In a far reaching study that could hold key indicators for the future of the Australian alcohol e-commerce market, Rabobank recorded that US online alcohol sales had risen by 131 per cent since 2019.

Rabobank’s 2022 Alcohol E-commerce Playbook combines market analysis, interviews and unique data sources to reveal a detailed picture of the American alcohol e-commerce landscape.

In 2019, US online alcohol sales were worth 1.9 per cent of the total of off-premise alcohol retail, with a value of USD 2.6bn. By 2021, Rabobank estimate that this had risen to four per cent, and a huge 6.1bn dollars.

Breaking this figure down by category reveals that wine is by far the biggest contributor to American e-commerce alcohol, accounting for approximately USD 3.8bn of the overall total of 6.1bn. Spirits were the next largest category, supplying USD 1.3bn in sales, while beer was the smallest contributor, recording just USD 960m in 2021.

And Rabobank believe this is still room for further growth, with the report stating: “Beverage alcohol remains underpenetrated relative to other edible grocery categories online.” The research tips alcohol ecommerce to grow by 3.4 per cent in 2022.

Alcohol’s online growth has outpaced the general upward trend of overall online grocery sales by a large margin, with Rabobank noting that online grocery and marketplace services have seen particularly impressive growth. The report details that online groceries (which includes omni-channel American supermarkets such as Walmart, and pure-play e-commerce retailers like Amazon) and marketplaces (such as Drizly’s and Instacart) are nearly four times larger than they before the pandemic, with growth of 271 per cent over the last two years.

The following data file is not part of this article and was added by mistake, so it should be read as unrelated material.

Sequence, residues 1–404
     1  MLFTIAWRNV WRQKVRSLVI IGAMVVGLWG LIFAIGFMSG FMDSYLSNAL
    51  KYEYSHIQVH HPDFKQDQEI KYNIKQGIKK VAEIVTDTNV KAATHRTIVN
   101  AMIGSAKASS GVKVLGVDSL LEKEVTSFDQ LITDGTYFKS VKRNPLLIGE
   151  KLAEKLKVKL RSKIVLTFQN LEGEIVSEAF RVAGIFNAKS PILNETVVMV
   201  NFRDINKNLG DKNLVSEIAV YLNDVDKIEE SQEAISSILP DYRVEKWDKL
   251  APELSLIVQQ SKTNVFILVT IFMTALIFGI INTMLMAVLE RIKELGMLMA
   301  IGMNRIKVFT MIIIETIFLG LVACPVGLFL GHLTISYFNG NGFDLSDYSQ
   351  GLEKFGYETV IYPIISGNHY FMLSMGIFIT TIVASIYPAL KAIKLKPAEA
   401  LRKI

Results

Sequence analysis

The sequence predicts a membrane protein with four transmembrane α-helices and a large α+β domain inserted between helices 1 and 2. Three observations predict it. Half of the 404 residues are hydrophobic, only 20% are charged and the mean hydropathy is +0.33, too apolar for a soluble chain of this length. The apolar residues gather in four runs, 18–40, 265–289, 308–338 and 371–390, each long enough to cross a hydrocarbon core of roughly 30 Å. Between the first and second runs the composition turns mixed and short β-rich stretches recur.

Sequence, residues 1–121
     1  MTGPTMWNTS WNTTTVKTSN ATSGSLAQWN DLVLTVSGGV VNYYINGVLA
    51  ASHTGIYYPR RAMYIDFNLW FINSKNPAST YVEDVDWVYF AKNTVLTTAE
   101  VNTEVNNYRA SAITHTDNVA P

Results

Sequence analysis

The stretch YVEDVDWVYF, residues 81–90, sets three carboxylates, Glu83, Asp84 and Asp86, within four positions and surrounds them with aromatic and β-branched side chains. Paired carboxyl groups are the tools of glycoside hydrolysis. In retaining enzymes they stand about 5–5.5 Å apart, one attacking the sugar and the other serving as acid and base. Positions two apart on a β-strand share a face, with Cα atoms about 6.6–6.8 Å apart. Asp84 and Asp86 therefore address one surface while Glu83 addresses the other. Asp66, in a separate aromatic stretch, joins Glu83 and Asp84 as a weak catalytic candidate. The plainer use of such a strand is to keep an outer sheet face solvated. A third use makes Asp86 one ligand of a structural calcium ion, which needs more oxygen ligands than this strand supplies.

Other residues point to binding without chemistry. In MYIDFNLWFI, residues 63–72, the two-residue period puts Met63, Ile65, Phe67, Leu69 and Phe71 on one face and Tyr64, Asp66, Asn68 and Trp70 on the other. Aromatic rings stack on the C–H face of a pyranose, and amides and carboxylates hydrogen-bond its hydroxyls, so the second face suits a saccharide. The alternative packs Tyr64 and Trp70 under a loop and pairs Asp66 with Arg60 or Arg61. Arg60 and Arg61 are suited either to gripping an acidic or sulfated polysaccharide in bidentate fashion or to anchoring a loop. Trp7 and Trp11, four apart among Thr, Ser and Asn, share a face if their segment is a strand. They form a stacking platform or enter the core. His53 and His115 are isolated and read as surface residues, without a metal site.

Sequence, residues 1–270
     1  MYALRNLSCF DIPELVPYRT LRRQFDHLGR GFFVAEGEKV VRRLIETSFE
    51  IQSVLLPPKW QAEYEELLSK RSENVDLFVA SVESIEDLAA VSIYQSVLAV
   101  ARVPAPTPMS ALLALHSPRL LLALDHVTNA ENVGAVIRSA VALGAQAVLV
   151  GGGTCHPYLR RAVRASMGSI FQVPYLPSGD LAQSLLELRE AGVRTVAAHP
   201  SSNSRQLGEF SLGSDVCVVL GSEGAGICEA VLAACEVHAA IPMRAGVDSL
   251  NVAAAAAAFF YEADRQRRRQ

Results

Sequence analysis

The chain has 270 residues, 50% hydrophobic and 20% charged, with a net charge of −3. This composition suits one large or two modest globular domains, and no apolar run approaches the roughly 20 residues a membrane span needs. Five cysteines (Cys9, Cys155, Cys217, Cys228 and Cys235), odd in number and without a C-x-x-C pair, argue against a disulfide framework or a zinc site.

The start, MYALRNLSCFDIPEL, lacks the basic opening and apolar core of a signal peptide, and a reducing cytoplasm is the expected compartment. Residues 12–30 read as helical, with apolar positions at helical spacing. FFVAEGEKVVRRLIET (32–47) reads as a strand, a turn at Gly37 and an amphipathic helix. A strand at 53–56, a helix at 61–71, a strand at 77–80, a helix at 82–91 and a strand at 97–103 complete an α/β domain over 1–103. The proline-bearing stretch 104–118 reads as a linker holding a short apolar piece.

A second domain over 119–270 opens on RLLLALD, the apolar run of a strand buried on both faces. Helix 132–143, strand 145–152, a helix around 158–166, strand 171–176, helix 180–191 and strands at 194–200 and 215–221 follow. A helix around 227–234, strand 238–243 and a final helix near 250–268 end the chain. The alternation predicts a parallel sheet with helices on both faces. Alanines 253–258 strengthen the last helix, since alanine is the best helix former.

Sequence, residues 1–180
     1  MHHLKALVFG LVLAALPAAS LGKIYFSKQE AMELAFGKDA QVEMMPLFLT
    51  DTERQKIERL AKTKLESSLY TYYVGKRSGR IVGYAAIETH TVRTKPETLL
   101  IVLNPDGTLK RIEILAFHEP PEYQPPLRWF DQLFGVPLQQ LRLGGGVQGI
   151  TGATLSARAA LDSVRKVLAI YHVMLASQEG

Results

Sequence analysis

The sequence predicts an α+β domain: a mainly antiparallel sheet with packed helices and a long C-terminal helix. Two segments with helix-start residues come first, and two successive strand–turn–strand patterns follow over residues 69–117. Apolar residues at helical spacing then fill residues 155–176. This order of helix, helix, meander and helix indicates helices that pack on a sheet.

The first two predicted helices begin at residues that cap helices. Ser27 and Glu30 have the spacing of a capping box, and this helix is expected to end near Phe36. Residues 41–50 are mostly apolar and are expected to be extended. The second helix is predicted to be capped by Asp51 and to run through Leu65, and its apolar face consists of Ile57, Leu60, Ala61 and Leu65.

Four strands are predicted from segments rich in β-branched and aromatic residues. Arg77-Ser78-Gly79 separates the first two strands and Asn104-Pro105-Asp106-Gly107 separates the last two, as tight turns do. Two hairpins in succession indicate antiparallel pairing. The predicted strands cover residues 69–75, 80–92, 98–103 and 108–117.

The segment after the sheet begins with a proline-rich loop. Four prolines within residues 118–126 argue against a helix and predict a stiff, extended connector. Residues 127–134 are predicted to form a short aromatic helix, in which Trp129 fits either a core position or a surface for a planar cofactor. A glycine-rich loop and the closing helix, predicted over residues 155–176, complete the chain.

Interestingly, the online grocery sector provides a far more equitable balance of categories than the wider e-commerce market, with beer and wine neck-and-neck at USD 615m and 678m respectively. The spirits category made up USD 332m, a significant improvement on its overall standing in relation to wine.

While Australia is operating under different legislative and regulatory conditions to the US, particularly with regard to the sale of alcohol by supermarkets, the Aussie online drinks sector will be hoping that this growth is an indication of things to come in Australia.

An area that holds particular interest for Australian liquor e-commerce is the growth of digital alcohol marketplaces and delivery services. Marketplaces, as Rabobank defines them, do not hold stock or own an inventory, and are not required to hold a liquor licence (at least, in the US). “Instead, they provide platforms where retailers can hawk their wares online.”

Rabobank report that online alcohol marketplaces recorded USD 1.3bn in sales in 2021, with wine again the largest contributor at USD 627m. The report is predicting high growth, of around 15 per cent, in 2022.

The American market for online alcohol marketplaces is clearly more mature than its Australian counterpart. Major players in the US include Instacart, Drizly and ReserveBar, with Uber purchasing Drizly in February of 2021 for an estimated USD 1.1bn.

In Australia, tech start-ups Voly and Milkrun have recently launched into the rapid-delivery grocery service, with Voly already offering 15-minute delivery of alcohol. The Australian picture is clouded somewhat by retailers like Shorty’s and Jimmy Brings trading in a similar space, while BWS and Dan Murphy’s offer delivery in under two hours in metro areas, and Uber has allowed alcohol delivery in certain Australian states since 2017.

Nevertheless, Rabobank’s report paints a sunny picture for everyone involved the sale of alcohol online, and confirms the perception that the pandemic has led to a rapid growth in alcohol e-commerce. What remains to be seen, however, is how closely the Australian market will follow these American trends.

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